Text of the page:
The term "mashup" started in the music world but has rapidly been adopted in the World of the Web to mean an application that combines data from different sources into a whole new application.
Data mashups are one of those brilliantly elegant synergies that appear once in a blue moon. The Web now offers many services -- from Google Earth to real estate listings. Each has its own value, but mash them together and new synergies appear. You can, for example, create a map that shows all the houses for sale that are within walking distance of a particular school, or all the gas stations within the range of the fuel left in your tank.
Although many mashups are map-based, they can coalesce other kinds of data, too. For example, if you're looking at a book by an author at an online bookstore, a mashup might also show you the author's bibliography and biography drawn from another site.
Understanding data mashups within the enterprise
To date, mashups have been traditionally implemented as publicly exposed websites funded by advertising. That's fine, but don't overlook the fact that data mashups can have huge commercial value within an enterprise, safely concealed from prying eyes and secured behind the firewall. Let's start with the obvious (to me, anyway) – spatial data being combined with a mapping service.
Two prime examples of
So data mashups are not just toys, they can be serious business tools. But what have they got to do with business intelligence (BI)? Everything!
BI is about turning data into information. If we want to get philosophical about this, we can argue that plotting spatial data onto a map is, all by itself, an example of BI because it makes the data much more accessible to the user and therefore turns it into information.
But it gets even better because BI systems are already very good at sifting through (and/or aggregating) huge volumes of data and turning it into information. If we combine this with mapping, we can get a huge increase in the understandability of the information for very little effort.
Mashing up analytical business intelligence data
For example, suppose you are interested in the effect an advertising spend is having citywide. Your company invested in renting several prominent and expensive billboards in a city to advertise your latest products. Your current BI system can probably return the percentage sales growth by city area over the last month as a list of raw numbers from which you can create a graph and work out whether your billboards are earning their keep. Alternatively, you could mash up the same values as a heat map laid over the city and see instantly whether the high growth correlates with the billboards' locations.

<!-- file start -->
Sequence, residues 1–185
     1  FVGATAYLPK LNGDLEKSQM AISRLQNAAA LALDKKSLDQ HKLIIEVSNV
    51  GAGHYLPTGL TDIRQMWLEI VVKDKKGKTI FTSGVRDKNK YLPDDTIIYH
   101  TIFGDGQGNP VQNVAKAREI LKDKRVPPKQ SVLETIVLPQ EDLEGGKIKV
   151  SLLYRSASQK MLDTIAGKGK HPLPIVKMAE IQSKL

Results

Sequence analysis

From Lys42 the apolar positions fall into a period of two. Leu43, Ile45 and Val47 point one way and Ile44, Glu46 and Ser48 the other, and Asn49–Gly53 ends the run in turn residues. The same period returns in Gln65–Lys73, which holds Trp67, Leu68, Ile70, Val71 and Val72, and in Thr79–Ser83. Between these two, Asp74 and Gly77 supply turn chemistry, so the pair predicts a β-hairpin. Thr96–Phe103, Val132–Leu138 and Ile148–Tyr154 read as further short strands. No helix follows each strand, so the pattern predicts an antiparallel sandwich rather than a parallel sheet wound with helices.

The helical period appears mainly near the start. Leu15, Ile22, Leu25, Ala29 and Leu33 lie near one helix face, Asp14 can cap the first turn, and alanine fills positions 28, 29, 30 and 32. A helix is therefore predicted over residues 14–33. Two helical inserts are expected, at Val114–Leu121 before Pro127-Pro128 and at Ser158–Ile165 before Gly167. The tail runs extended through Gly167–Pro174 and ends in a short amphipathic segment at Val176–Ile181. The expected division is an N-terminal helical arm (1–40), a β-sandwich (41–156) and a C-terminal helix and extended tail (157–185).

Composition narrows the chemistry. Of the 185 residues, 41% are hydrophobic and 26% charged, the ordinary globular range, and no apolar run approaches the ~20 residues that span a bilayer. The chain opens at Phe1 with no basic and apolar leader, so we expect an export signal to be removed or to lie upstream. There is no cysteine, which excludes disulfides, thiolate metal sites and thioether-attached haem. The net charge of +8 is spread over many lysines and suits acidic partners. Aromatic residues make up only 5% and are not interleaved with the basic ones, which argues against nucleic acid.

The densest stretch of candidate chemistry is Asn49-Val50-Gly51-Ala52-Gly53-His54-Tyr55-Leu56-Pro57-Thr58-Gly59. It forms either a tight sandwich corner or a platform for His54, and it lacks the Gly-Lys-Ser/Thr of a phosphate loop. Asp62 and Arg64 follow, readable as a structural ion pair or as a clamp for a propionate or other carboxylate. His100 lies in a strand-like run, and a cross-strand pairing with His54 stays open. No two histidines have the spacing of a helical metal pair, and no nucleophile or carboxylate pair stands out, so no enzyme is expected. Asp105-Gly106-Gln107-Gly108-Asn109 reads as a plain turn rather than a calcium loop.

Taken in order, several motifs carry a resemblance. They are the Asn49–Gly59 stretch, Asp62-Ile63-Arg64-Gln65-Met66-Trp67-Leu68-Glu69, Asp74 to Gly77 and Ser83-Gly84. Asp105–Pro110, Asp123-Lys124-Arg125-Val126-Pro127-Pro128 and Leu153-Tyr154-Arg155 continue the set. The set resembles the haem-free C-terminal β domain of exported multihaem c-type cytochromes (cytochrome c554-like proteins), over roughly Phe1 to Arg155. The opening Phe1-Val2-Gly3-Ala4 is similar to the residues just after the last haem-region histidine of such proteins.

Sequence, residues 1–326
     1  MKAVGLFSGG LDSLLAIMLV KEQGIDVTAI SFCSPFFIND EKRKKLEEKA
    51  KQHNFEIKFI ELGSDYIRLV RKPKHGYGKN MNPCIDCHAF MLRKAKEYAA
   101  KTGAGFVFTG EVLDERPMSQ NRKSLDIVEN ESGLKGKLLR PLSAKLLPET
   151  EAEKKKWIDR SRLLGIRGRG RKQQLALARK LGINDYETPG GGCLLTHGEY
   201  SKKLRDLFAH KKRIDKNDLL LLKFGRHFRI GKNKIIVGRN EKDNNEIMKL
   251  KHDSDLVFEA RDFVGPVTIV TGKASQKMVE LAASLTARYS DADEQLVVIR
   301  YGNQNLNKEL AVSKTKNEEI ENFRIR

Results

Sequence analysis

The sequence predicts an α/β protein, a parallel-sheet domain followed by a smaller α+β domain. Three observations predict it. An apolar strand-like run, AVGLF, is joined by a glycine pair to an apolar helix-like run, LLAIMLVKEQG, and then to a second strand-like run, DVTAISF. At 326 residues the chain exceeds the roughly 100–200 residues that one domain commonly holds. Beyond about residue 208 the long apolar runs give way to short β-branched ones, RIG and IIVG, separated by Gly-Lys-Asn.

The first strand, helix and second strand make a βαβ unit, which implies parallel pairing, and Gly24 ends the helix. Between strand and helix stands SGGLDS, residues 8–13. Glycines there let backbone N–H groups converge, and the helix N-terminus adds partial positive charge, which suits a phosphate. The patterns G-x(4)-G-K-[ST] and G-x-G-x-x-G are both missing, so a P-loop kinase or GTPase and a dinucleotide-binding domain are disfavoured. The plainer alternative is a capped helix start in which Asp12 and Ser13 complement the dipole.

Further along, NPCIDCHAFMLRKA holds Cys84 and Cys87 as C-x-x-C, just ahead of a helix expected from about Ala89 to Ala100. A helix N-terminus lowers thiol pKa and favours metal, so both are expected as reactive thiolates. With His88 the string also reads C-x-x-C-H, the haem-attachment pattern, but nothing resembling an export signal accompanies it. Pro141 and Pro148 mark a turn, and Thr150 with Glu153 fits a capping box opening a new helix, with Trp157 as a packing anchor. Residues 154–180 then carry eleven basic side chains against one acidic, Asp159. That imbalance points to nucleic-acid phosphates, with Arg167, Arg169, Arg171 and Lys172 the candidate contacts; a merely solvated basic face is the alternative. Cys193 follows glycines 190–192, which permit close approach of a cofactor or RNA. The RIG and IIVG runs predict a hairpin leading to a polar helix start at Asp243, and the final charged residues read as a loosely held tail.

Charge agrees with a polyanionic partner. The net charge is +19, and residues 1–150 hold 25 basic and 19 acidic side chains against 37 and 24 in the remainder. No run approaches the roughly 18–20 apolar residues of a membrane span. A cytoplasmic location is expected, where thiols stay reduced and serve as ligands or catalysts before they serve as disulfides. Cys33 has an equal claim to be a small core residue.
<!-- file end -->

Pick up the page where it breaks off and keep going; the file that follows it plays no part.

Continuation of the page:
With services like Virtual Earth and Google Earth, you can do this across one city, the country, the continent or the world. Better yet, all that mapping comes free of charge. And it keeps on getting better.
Business intelligence is also about turning information into a business advantage
Now suppose that your BI system tells you that, in the past, sales of hot dogs double whenever the local baseball team plays at home after winning three games in a row. It's a fascinating factoid, but it doesn't make you any extra profit unless you can get the extra dogs to the relevant stadium in time for the right game. Your company is very unlikely to store baseball results, but there are plenty of sites out there that do. And there are plenty of shipping companies that provide data about trucking availability and pricing. On its own, your BI system is simply predicting the future. But mash up that prediction with these external data sources and suddenly your BI system is able to predict the future in a way that you can act on quickly to increase profits.